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Child First in Colorado

Child First in Colorado

Connecting families to mental wellness care and a supportive community so that parents and children can connect in healthier ways with each other.

An Interview with Marisa A. Gullicksrud, LCSW, Program Director, Child First®

When young children grow up in environments where there is violence, neglect, mental illness, or substance abuse, the stress can be toxic to their development. Child First® works to intervene and prevent this damage. As a national, evidence-based, two-generation model, Child First works with very challenged young children and families to provide intensive, mental-health home-visiting services and to connect families to needed community-based services. Their goal is to decrease the stress and build strong, loving, parent-child relationships that protect and heal the brains of these children.

Marisa A. Gullicksrud, LCSW, Program Director at Child First, says that one of the things that makes the program so unique—and so valuable to providers—is that a referral can be made on behalf of the child or the parent. “A provider may refer because they see a child under six years old who has some kind of social, emotional or behavioral disorder, a development or learning delay, or if they are in environments that pose a risk to their health and wellbeing,” Marisa explained. “But with Child First, even if those things don't exist, providers can also refer a family to us if the caregiver has experienced their own mental health, substance use, legal, relational or socio-economic issues that they think will impact their relationship with their child. That means they can engage with us even before the caregiver’s issues have impacted their relationship with their child, including during pregnancy.”

Child First focuses on creating healthy relationships between parents and their children. “We really work to disrupt those generational cycles of substance use, poverty, abuse and neglect, and we do that through the Child and Parent Psychotherapy intervention,” Marisa said. “The goal of this type of psychotherapy is to heal the parent wound to make the parent available to connect with and attach to their child. We are often working to identify the parent's own trauma experiences and ensure that they don't show up in their relationship with their young children.”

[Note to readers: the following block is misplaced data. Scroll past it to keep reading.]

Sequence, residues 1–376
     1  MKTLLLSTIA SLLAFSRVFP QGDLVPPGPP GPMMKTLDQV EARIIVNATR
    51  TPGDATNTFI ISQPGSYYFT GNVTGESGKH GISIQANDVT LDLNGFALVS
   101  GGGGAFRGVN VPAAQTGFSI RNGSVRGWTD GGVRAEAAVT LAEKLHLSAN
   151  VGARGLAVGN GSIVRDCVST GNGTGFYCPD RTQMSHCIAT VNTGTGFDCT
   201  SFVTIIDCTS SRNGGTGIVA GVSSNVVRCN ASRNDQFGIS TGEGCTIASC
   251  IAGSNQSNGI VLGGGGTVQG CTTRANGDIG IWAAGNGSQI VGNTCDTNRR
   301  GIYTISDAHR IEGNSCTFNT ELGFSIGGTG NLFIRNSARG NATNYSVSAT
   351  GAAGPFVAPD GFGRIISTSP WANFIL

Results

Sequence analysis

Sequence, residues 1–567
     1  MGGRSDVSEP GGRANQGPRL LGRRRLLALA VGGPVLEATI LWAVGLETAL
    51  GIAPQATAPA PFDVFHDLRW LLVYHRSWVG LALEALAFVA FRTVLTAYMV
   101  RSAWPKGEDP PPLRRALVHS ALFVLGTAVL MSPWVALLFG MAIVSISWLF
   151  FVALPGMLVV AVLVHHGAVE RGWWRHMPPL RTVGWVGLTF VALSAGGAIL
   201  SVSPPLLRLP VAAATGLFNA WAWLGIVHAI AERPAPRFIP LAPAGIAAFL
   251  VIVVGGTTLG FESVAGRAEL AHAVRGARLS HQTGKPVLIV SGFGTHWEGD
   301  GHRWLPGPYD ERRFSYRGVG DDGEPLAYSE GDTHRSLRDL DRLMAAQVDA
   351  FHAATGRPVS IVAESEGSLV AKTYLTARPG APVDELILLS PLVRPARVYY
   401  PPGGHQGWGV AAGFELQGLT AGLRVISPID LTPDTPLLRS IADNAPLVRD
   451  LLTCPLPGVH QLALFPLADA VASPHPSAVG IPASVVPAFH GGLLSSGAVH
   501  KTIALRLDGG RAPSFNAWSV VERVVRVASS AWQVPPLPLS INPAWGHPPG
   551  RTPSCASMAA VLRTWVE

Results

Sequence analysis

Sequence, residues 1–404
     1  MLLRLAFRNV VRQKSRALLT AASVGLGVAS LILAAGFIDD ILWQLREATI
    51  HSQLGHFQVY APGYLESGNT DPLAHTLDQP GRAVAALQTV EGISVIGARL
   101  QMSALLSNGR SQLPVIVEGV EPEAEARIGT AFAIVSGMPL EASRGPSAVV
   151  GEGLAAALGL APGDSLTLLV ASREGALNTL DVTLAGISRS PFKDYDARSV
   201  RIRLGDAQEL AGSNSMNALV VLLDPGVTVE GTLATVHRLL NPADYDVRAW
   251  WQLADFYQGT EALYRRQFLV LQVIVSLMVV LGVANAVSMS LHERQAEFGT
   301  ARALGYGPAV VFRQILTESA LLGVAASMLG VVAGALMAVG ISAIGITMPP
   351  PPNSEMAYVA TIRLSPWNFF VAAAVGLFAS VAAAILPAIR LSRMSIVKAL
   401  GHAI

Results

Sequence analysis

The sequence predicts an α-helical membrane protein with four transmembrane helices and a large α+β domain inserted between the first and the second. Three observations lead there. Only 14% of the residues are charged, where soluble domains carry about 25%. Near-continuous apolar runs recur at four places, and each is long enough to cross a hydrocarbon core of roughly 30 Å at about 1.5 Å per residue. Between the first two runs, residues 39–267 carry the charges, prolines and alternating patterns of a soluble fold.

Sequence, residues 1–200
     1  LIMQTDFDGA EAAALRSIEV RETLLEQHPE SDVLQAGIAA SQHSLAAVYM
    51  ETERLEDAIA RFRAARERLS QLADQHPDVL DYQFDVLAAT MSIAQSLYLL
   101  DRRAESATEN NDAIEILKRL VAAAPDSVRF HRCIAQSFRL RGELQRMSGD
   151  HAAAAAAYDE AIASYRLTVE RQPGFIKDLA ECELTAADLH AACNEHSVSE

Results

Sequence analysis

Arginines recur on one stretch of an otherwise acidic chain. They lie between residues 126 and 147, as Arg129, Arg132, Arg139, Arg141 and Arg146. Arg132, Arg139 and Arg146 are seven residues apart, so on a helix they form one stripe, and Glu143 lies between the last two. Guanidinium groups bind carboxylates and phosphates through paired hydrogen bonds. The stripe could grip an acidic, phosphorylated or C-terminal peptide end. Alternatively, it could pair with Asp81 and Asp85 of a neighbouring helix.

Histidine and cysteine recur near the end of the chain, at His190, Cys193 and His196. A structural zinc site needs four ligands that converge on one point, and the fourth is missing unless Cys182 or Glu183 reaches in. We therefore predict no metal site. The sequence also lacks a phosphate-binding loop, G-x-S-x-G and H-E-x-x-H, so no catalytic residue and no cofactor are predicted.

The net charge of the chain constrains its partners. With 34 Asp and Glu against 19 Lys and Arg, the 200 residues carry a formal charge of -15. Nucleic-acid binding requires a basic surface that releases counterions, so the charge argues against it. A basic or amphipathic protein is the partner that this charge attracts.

Child First says that 96% of the parents they work with have had their own traumatic event, and approximately 85% of children they work with have had a traumatic event. “We help these families connect to a whole list of services they need,” Marisa explained. “Since the family is not only assigned a clinician but also works with a family support partner, we are able to do a lot of coordination towards stabilizing the family unit, as well as expanding the parent's executive functioning and teaching them how to play and engage in learning activities. These efforts support the therapeutic work that the clinician is doing. Data shows that when families have stable housing, stable food and income, they are 39% less likely to be involved in social services or child welfare.”

Marisa also emphasized the importance of connecting with other providers. As an example, she said that substance use providers work on triggers and coping with recovery, while Child First providers focus on how trauma is impacting the parent’s relationship with their child. Both are working on trauma-based care for this family and come at it from two different angles, so collaboration is key. Ideally, the Child First team (mental health clinician and family support partner) helps other providers by allowing them to concentrate specifically on their area of expertise instead of also trying to juggle other family needs. It is the ultimate example of connecting and working together to give these families the most well-rounded approach to mental wellness, positive parenting and more successful futures for all members of the family.

Download their fact sheet.